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RE: Issue 662: specify at least two levels or types of Choreography description

From: Ugo Corda <UCorda@SeeBeyond.com>
Date: Tue, 27 Apr 2004 08:55:48 -0700
Message-ID: <EDDE2977F3D216428E903370E3EBDDC9032B8AD4@MAIL01.stc.com>
To: "Tony Fletcher" <tony.fletcher@choreology.com>, <public-ws-chor@w3.org>
Tony,
 
The answer to your Why question in the case of BPEL might be as simple
as the one you find in "Goals of the BPEL4WS Specification" (see [1]),
where it says:
 
"BPEL4WS is firmly set in the Web services world as the name implies.
In particular, all external interactions occur through Web service
interfaces described using WSDL.  This has two aspects: (1) the process
interacts with Web services through interfaces described using WSDL and
(2) the process manifests itself as Web services described using WSDL". 

In any case, I am curious to see what types of answers your question on
whether BPEL abstract processes need WSDL is going to get on the BPEL
list.
 
Regards,
Ugo
 
 
[1]
http://www.oasis-open.org/committees/download.php/3249/Original%20Design
%20Goals%20for%20the%20BPEL4WS%20Specification.doc
 

	-----Original Message-----
	From: Tony Fletcher [mailto:tony.fletcher@choreology.com] 
	Sent: Tuesday, April 27, 2004 4:22 AM
	To: Ugo Corda; public-ws-chor@w3.org
	Subject: RE: Issue 662: specify at least two levels or types of
Choreography description
	
	
	Dear Ugo and others,
	 
	Sorry I have been a bit distracted with other matters, but would
like to pick this up again now.
	 
	Thank you for your observations in this mail and the previous
ones.
	 
	But the obvious question is:  Why?
	 
	In this case when we are interested in only a high level, arm
waving sort of description what is it that a WSDL description brings
that is required?
	 
	I think this question definitely applies to WS-Choreography and
possibly to BPEL as well (though generally that is aimed at a lower
level) - so I might see if it is an issue on the BPEL list.
	 
	Note again that the question in my mind is whether a set of WSDL
descriptions always needs to accompany a WS-Choreography description -
they certainly will for a detailed level choreography description, but
they seem to be too much detail (and will add many lines) when focussing
on just the basic allowed message sequences.
	 
	Best Regards     Tony
	A M Fletcher
	Home: 35, Wimborne Avenue, IPSWICH  IP3  8QW
	Tel: +44 (0) 1473 729537   Mobile: +44 (0) 7801 948219
	 amfletcher@iee.org     (also tony.fletcher@talk21.com  &
tony_fletcher@btopenworld.com)
	 
	

		-----Original Message-----
		From: Ugo Corda [mailto:UCorda@SeeBeyond.com] 
		Sent: 16 April 2004 22:02
		To: Tony Fletcher; public-ws-chor@w3.org
		Subject: RE: Issue 662: specify at least two levels or
types of Choreography description
		
		
		Tony,
		 
		Your quote of the BPEL spec talks about variable
references that can be omitted. But that is separate from using WSDL
descriptions. In particular, those <invoke/>, <receive/>, and <reply/>
activities would still need a portType reference, even in cases where
the variable reference attributes had been dropped.
		 
		Ugo

			-----Original Message-----
			From: public-ws-chor-request@w3.org
[mailto:public-ws-chor-request@w3.org] On Behalf Of Tony Fletcher
			Sent: Friday, April 16, 2004 1:36 PM
			To: public-ws-chor@w3.org
			Subject: RE: Issue 662: specify at least two
levels or types of Choreography description
			
			
			Dear Ugo and others,
			 
			Well, if that is the case then that is a problem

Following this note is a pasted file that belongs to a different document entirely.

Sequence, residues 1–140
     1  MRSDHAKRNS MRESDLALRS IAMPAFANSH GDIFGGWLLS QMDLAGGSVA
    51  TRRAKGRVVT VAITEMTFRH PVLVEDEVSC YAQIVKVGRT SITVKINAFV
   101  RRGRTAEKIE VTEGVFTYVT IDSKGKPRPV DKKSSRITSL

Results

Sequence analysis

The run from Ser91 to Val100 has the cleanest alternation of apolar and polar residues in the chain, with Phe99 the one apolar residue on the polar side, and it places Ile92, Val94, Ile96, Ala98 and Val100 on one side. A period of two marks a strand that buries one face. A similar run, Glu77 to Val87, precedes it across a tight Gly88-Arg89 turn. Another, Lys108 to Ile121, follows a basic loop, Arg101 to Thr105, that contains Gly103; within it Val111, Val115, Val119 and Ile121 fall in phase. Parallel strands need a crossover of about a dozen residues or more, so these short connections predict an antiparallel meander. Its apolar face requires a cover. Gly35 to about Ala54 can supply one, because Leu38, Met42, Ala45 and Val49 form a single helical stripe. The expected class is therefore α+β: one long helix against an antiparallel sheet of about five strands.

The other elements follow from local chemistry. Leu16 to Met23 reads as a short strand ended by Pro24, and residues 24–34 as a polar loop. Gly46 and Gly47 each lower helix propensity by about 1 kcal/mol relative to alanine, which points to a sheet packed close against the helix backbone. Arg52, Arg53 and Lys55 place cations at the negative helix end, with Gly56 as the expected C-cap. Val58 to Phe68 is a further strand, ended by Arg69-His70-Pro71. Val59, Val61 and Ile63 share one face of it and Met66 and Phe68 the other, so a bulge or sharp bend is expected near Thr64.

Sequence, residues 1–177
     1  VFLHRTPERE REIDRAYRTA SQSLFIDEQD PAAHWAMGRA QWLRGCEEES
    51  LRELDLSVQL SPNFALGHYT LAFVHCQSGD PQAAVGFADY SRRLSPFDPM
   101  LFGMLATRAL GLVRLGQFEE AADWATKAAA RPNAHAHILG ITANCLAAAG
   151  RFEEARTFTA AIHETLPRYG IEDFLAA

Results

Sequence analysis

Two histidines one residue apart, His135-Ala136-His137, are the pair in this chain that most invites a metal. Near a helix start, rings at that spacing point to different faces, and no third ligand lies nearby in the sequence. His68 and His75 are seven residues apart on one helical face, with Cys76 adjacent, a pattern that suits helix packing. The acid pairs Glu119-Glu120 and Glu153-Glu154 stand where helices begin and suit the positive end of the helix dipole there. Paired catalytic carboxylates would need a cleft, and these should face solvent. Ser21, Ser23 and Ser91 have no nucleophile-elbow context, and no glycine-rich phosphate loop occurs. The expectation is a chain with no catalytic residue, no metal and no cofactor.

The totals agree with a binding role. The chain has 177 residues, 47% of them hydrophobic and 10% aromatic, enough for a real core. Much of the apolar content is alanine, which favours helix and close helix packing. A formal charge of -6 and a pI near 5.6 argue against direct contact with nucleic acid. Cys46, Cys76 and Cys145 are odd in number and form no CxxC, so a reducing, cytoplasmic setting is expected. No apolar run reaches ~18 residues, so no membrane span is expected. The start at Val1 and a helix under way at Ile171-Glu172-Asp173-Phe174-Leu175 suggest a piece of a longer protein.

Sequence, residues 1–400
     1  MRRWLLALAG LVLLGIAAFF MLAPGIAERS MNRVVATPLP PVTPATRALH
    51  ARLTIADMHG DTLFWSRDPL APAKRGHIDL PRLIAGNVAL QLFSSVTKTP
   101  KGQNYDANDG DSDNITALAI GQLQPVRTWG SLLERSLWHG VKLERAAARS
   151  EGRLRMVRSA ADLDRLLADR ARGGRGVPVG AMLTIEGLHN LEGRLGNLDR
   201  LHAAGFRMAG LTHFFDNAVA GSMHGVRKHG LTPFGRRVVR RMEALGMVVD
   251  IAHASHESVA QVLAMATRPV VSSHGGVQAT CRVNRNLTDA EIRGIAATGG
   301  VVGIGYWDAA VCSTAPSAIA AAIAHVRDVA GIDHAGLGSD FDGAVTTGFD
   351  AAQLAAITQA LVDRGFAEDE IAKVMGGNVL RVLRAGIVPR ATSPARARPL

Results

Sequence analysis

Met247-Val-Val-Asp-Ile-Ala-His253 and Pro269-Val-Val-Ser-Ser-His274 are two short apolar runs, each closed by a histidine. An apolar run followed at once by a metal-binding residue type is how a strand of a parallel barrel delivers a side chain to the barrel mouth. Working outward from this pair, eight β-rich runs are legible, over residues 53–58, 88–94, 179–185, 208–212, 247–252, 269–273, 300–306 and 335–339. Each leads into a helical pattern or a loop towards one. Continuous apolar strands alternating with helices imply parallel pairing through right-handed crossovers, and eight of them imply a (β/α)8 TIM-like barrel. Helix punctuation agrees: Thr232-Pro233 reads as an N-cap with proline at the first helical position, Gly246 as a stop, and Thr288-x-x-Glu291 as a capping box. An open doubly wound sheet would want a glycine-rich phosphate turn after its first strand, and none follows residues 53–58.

for BPEL that should perhaps be taken up on their list (there are a
number of open issues on abstract processes).  If the WS-Choreography
group can agree to provide a one document description of any
choreography between two or more parties that is as simple as possible
when all that is required is a 'high level' description of the
choreography, then that will be a big 'selling' point for
WS-Choreography IMHO.
			 
			[However, I would question what you say as
Section 15.1 of the BPEL spec (Nov 03) states:  In many cases, the level
of abstraction appropriate in abstract processes makes it unnecessary to
use message variables in web service interaction activities, when the
intent is to simply constrain the sequencing of such activities, and the
actual message data is not relevant. To simplify these common cases it
is permissible, in abstract processes, to omit the variable reference
attributes from the <invoke/>, <receive/>, and <reply/> activities. 
			If you can enlighten me further I would
appreciate it, but perhaps directly to me and not on this list unless
you feel the points are relevant to the WS-Choreography group   Thank
you]
			 
			Best Regards     Tony
			A M Fletcher
			Home: 35, Wimborne Avenue, IPSWICH  IP3  8QW
			Tel: +44 (0) 1473 729537   Mobile: +44 (0) 7801
948219
			 amfletcher@iee.org     (also
tony.fletcher@talk21.com  &  tony_fletcher@btopenworld.com)
			 
			

				-----Original Message-----
				From: Ugo Corda
[mailto:UCorda@SeeBeyond.com] 
				Sent: 16 April 2004 20:28
				To: Tony Fletcher;
public-ws-chor-comments@w3.org; public-ws-chor@w3.org
				Subject: RE: Issue 662: specify at least
two levels or types of Choreography description
				
				
				Tony,
				 
				> I am fairly sure that abstract BPEL
does not demand WSDL descriptions.
				 
				Actually it does. Most of the BPEL spec
applies both to executable and abstract processes. The differences for
the case of abstract processes are detailed in sec. 15 and only relate
to the way variables and assignments are defined.
				 
				Ugo

				-----Original Message-----
				From: public-ws-chor-request@w3.org
[mailto:public-ws-chor-request@w3.org] On Behalf Of Tony Fletcher
				Sent: Friday, April 16, 2004 4:54 AM
				To: public-ws-chor-comments@w3.org;
public-ws-chor@w3.org
				Subject: Issue 662: specify at least two
levels or types of Choreography description
				
				
				Dear Colleagues,
				 
				Following on from the teleconference on